Chapter 2. Getting Started with ActionScript 2.0

Computers are dumb; they cannot think for themselves—they can only follow instructions. Computers are also very precise, so they must be told in exact terms what needs to be done. The purpose of a programming language is to provide you with a means of clearly and accurately telling the computer what you want it to do. ActionScript provides this structure in a way that you also can read and understand.

This chapter gets you started learning ActionScript syntax and structure by introducing the statement and the variable. Do not worry about memorizing each fact and concept that's covered in this chapter. The more actual examples you try for yourself, the more comfortable you will become with ActionScript 2.0.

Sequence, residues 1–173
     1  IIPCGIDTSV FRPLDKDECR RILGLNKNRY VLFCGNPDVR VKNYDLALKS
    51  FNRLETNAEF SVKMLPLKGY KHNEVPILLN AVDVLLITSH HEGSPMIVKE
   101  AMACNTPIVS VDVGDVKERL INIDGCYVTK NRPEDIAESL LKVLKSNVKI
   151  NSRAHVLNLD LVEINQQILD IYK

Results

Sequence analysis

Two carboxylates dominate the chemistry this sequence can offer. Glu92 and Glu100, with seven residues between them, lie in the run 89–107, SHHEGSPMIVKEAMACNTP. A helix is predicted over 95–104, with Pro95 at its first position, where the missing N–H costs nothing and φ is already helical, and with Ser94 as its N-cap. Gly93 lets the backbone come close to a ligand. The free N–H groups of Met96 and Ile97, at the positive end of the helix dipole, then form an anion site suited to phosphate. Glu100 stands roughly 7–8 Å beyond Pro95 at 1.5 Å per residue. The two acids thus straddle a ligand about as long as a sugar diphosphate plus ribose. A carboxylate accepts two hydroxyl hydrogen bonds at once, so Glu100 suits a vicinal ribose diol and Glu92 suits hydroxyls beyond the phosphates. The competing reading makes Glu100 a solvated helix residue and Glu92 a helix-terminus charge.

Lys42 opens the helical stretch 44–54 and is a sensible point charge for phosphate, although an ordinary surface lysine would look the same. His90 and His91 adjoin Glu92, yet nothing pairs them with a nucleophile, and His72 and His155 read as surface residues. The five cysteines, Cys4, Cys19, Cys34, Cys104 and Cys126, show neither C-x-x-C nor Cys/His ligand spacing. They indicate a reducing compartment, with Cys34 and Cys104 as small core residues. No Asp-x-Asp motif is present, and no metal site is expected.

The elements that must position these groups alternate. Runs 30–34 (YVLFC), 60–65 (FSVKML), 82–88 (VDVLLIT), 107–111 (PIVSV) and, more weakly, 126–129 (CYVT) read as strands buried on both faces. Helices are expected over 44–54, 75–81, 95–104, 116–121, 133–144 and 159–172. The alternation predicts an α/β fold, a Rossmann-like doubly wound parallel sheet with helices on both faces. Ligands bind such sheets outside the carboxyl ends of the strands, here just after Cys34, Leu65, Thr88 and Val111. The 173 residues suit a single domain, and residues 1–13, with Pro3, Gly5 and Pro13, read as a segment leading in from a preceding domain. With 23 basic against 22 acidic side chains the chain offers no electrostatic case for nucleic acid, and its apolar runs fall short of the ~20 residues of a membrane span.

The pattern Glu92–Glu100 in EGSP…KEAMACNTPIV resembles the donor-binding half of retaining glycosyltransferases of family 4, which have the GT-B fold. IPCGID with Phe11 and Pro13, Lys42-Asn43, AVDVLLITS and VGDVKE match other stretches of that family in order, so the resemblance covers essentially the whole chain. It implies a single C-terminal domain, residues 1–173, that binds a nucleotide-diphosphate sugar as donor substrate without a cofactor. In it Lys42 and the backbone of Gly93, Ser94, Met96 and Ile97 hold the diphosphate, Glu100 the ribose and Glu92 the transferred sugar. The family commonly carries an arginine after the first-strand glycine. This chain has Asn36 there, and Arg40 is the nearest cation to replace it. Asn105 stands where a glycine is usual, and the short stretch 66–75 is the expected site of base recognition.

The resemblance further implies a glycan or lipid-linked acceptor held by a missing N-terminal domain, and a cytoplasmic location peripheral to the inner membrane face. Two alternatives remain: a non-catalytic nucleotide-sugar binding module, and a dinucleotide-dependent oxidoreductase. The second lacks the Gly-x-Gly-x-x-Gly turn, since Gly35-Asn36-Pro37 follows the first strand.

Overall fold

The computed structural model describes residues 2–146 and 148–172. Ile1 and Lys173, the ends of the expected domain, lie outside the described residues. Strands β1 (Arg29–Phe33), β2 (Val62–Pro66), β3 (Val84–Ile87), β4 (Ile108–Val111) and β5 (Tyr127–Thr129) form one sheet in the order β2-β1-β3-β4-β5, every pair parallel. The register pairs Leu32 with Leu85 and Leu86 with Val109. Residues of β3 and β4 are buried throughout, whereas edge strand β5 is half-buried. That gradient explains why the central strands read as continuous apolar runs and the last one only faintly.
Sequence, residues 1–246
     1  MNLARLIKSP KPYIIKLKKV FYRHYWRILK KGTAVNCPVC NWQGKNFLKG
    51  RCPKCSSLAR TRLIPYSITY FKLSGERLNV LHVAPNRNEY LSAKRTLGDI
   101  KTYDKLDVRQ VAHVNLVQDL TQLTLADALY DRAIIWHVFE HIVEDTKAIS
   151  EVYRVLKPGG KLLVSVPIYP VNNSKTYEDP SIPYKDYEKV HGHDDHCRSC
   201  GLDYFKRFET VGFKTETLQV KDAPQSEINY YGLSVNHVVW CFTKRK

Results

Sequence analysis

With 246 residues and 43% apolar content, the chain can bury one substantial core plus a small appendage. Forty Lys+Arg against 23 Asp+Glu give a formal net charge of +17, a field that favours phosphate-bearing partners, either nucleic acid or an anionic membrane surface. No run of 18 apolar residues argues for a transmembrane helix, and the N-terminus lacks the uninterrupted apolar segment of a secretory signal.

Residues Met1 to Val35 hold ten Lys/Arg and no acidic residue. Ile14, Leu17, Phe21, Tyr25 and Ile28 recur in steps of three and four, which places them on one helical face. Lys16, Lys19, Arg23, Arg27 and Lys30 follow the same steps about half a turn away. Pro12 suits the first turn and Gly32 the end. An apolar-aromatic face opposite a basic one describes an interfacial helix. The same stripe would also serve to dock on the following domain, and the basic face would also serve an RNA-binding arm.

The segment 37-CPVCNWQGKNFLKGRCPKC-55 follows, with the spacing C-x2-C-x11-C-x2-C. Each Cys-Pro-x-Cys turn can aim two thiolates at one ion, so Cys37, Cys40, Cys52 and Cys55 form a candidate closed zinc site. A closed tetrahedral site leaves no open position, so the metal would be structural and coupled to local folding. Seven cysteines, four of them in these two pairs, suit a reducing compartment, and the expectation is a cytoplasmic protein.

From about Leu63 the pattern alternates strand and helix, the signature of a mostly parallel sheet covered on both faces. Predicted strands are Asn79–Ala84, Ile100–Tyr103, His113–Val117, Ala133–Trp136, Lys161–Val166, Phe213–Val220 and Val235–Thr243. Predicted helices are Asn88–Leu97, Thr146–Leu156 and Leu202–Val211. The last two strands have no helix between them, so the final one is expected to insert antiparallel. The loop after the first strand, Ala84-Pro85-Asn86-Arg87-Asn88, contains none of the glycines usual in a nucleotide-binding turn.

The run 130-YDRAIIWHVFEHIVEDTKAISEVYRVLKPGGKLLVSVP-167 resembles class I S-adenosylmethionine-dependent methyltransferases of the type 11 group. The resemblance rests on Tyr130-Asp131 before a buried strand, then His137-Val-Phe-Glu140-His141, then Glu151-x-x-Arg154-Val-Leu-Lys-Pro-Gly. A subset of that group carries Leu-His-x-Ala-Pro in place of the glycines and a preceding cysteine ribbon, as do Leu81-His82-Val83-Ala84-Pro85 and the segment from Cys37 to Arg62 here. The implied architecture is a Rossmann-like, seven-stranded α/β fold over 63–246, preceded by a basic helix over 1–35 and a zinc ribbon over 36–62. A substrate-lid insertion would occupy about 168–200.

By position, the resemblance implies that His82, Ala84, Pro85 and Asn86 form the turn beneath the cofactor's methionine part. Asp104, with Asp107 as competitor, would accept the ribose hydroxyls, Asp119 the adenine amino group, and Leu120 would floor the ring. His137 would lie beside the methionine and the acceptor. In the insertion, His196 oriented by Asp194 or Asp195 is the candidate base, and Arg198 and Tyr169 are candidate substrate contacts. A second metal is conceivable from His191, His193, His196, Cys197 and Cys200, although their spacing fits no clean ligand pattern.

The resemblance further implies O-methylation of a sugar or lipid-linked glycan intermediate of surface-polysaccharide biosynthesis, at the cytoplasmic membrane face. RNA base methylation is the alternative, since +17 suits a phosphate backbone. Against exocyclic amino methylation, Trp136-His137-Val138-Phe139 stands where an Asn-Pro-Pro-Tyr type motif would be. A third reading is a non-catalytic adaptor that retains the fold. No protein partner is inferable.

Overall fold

Understanding Statements

When you write a letter or an email message, you create sentences and string them together to form paragraphs. Each sentence is structured of verbs, nouns, adjectives, and other elements of the English language, and each sentence expresses one discrete message. Similarly, writing code is a process of creating individual statements that communicate to Flash one discrete task that you want it to perform. A sequence of statements spells out how to perform a larger task in detail, much like sentences are strung together into paragraphs to explain a larger idea.

Using Simple Statements

The building block of ActionScript coding is the simple statement, generally just referred to as a statement. Each statement represents ...

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